Atelier AM: Clean, Classic & Modern

General / People / Places / Products / August 8, 2012

Michael and Alexandra Misczynski’s interiors usually work within the context of another architect’s design.

They’ve been influenced by America’s Richard Meier, John Pawson in Great Britain and Axel Vervoordt from Antwerp.  The latter wrote the introduction to their new book from Rizzoli USA, Interiors: Atelier AM, which explores a range of their recent interiors.

“What I call our work is edited,” Michael says.  “It’s not quite Miesian, but less is more is not a bad way to put it.”

He and his wife have practiced interior design together in Los Angeles as Atelier AM for a decade, after he graduated from USC and she from Hamilton College.  He worked in Richard Meier’s office during the final phase for the design of the Getty Center, on furniture for that project and on models with Michael Palladino.

He says their process for design is driven by the architect with whom they’re working and that they tell their clients that a truly great house is still a great house, whether it’s empty or not.   But their finished designs are defined also by the artists whose work they feature – Giacometti, Matisse and Ellsworth Kelly among them.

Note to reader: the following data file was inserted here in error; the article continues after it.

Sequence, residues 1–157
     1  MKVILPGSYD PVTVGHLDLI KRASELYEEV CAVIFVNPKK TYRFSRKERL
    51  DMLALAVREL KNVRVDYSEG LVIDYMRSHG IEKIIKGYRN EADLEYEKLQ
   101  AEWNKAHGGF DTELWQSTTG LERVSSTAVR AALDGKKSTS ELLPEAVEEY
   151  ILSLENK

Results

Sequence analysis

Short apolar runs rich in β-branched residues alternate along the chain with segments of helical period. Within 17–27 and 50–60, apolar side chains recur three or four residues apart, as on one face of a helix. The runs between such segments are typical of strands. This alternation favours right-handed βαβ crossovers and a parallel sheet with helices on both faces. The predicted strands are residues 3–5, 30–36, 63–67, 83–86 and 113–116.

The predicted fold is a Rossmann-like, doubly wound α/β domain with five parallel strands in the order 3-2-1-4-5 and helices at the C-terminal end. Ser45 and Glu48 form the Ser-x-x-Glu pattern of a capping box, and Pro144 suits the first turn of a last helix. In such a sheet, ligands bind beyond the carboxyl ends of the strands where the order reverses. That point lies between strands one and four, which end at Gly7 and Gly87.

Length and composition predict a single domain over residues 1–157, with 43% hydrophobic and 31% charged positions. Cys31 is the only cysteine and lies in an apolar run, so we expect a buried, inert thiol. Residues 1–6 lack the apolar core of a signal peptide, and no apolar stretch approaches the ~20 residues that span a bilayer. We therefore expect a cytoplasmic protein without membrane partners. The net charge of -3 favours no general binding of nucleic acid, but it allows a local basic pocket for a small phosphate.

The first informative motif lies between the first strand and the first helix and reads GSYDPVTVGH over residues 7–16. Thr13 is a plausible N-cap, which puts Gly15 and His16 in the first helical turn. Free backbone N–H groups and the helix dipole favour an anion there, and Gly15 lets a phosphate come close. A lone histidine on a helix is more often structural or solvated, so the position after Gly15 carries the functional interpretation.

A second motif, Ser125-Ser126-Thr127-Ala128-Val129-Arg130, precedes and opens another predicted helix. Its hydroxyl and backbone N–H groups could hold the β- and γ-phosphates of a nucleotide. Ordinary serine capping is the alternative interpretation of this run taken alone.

“We’re not decorators, and we’re definitely not shoppers,” he says.  “We don’t just furnish houses – we detail all the interiors to get it to where we’d like it to be.”

That means moldings, cases, bases, doors, hardware, stone and floor patterns and ceilings as well.  The desired effect is a unity and a holistic effect from all.

“We try to finesse every detail, regardless of what gets dropped in our lap architecturally,” he says.  “Whatever the architectural process is, we want to respect it and build upon it.”

For more on Atelier AM, go to http://www.atelieram.com/

For more on Interiors: Atelier AM, go to http://www.rizzoliusa.com/book.php?isbn=9780847838509

View Images:


Tags: ,



Michael Welton
I write about architecture, art, and design for national and international publications. I am the author of "Drawing from Practice: Architects and the Meaning of Freehand" (Routledge, 2015), and the former architecture critic for the News & Observer in Raleigh, N.C.




Previous Post

Green Infrastructure as Art and Asset

Next Post

On Long Island, a Modernist Legacy





You might also like



0 Comment


Leave a Reply


More Story

Green Infrastructure as Art and Asset

The idea is to hook up landscape design up with form and function, and create an asset. OLIN partner Steve Benz believes...

August 6, 2012